Humans of phide
WEEK-A SMALL DIFFERENCE
The amount of suffering that exists in this world is immense and seemingly insurmountable. Living in the U.S., we are often sheltered from the vast inequities that exist globally, and much of this suffering remains unnoticed—for many people, the saying “out of sight, out of mind” holds true. Personally, I have always been passionate about helping those in need, leading me down the path towards medicine. However, as a pre-med student, I quickly became caught up in the pre-med life: constantly stressing about GPA, research, the MCAT, accumulating clinical hours, and still trying to get enough sleep to function. In the midst of it all, I became so focused on my end goal of helping people as a physician, that I forgot that there were still so many things that I could do now in service of those in need.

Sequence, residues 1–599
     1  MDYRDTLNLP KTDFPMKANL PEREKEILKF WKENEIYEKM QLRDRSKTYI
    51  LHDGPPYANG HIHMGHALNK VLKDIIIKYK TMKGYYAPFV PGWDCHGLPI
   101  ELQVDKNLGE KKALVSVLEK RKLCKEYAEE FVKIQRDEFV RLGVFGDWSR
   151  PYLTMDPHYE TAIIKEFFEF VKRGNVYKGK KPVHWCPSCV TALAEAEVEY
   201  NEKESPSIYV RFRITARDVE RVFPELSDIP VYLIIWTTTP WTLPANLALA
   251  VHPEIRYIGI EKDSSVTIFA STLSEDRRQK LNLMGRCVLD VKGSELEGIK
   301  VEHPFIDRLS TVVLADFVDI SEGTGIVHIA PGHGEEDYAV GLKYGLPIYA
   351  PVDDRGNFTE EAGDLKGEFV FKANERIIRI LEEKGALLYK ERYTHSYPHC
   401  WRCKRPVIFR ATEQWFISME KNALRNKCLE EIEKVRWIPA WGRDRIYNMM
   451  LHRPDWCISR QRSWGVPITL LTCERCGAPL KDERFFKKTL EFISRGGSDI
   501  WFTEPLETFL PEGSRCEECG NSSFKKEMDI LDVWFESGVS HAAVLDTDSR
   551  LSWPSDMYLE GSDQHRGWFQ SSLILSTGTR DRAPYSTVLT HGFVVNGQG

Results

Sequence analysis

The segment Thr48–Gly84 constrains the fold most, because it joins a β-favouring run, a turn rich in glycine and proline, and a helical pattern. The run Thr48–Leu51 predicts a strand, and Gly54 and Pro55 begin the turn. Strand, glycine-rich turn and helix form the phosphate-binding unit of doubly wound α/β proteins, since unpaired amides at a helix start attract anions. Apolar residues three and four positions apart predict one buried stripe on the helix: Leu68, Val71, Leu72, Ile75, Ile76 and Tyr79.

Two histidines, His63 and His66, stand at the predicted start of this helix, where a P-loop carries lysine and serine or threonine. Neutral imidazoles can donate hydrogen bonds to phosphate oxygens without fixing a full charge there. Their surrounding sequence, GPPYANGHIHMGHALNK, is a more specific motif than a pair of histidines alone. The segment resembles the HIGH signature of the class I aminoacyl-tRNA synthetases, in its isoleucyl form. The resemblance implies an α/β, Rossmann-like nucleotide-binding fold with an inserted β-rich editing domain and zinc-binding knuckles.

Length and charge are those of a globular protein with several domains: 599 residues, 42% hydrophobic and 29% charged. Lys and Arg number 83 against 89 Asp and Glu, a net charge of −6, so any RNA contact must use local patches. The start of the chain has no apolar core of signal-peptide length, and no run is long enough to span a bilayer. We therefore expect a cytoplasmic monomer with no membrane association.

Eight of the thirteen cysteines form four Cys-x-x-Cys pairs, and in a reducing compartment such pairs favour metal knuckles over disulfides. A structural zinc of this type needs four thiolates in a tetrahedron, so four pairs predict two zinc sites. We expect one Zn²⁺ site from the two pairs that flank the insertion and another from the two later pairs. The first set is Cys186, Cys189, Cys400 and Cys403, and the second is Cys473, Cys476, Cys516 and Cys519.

As a result, I found Alternative Breaks, and this past spring break, I traveled to a rural community, Los Fierros, Nicaragua. Los Fierros was about a 20 minute drive from the main city of Managua, and then an additional 20 minutes on a bumpy dirt road, going down a dangerous mountain side. It was here that I met Elia, a sweet lady who had gotten into an accident and had her leg amputated. She lived in a makeshift house, consisting of metal sheets propped up and held down by rocks. For an entire week, my Alternative Breaks group and I worked hard to build her a small house. By the end of it all, I had learned to mix cement with a shovel, lay bricks, construct metal rebars by hand, and combining it all to construct a house. The most touching moment was when we were able to present the house to Elia, knowing that we had changed her life forever. In the end, tackling big issues like poverty, or world hunger, might seem insurmountable. However, the biggest lesson I learned from my experience in Nicaragua was that you can make a small difference, which may mean the world for someone else. For Elia, it was constructing a house for her—a new place she can now call home. Because in the end, if you have touched even one life, you have made a difference. You mattered.